A serious problem in many jurisdictions is unreported crime. Any town with a serious drug epidemic is going to have a lot of unreported crime. Addicts and their dealers constantly victimize each other and they don’t usually file police reports. But the crimes still occurred. If a victim doesn’t come forward not a whole lot that can be done. What we hope never happens is that officers will just stop taking crime reports. When it occurs it is due to administrative negligence or possibly even encouragement by police command personnel. It is also possible that such negligence or encouragement could arrive right out of city hall. After all, wouldn’t a city’s crime statistics appear good if no reports get filed?

Here are many of the common methods employed to underreport crime:

Classify a breaking and entering as misdemeanor larceny.

Alter estimates on stolen property, reduced value can drop the incident from a felony to a misdemeanor

Portray injuries as less serious to reduce an aggravated felony assault to simple misdemeanor assault.

Classify a stolen vehicle to misdemeanor unauthorized use of conveyance (a charge typically meant for a teenager “joy-riding” in a car with no intent to permanently deprive owner of the vehicle)

Classify murder as suicide.

Classify robbery as larceny to reduce violent crime.

Classify a sexual assault as an assault on female (misdemeanor) or a non-violent sexual offense such as statutory rape

A deliberate use of motor vehicle as a weapon to intentionally strike another can be reported on DMV 349 as a simple crash, with no criminal intent.

Classify any Part I offense to Part II. Part II offenses are not tracked like Part I and will not have same impact on reported criminal activity It’s obviously to a department’s benefit if a crime is “possession of stolen goods” as opposed to the actual Part I offense of larceny. Similarly, a break-in reported as a vandalism drops from Part I to Part II.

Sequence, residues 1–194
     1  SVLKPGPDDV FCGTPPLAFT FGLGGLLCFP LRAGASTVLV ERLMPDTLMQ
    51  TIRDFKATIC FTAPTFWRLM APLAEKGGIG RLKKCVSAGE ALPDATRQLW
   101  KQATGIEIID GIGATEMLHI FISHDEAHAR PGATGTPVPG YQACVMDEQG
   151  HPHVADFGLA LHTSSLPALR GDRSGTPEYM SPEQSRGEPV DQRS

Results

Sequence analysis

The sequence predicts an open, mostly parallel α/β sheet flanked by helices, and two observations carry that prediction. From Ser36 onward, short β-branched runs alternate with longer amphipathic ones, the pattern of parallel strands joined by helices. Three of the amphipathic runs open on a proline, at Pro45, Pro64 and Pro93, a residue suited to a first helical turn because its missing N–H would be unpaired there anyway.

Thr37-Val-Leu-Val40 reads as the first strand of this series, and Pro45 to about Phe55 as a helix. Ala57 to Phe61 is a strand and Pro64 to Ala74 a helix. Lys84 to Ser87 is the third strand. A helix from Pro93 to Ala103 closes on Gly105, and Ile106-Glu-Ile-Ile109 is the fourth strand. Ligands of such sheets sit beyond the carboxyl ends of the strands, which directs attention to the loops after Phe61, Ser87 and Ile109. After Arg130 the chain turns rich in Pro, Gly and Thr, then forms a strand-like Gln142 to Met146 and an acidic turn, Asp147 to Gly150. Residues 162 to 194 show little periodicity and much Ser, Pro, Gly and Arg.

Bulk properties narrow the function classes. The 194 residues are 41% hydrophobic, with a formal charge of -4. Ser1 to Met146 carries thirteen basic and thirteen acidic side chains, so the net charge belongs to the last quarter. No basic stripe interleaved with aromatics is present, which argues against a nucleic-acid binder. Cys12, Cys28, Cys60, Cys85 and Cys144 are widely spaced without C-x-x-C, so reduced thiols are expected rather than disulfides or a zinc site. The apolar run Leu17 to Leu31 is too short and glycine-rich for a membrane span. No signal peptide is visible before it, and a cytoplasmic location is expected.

The majority of serious criminal activity has lesser misdemeanor charges that are similar but meant for lesser acts. Assaults can range from 1st degree murder to assault with deadly weapons inflicting serious injury to simple affray (public fighting) Each level is intended to provide greater punishment for more serious criminal acts, but unfortunately, they also provide a “step-back” for a less honest chief to downgrade his reported numbers.

The second, and far more serious way to effect numbers, is plain refusal to take reports of crime. This can be done by claiming the reporting party is mistaken/dishonest or that a crime which occurred inside an agencies jurisdiction occurred elsewhere. Another method is to “take” a report from the victim on-scene and never file it.

Part one offenses are: homicide, rape (which includes sexual offenses such as non-consentual oral or anal sexual acts), robbery, aggravated assault, burglary, larceny, motor vehicle theft, arson

Part two offenses include: simple assaults, forgery, fraud, embezzlement, possession of stolen property, vandalism, weapons violations, non-forcible sexual offenses (such as prostitution), drug abuse, gambling, non-violent offenses against family, DWI and other traffic offenses, liquor laws, and all other offenses.

Background on UCR – it’s all derived from the information agencies submit either directly or to the state which then forwards it.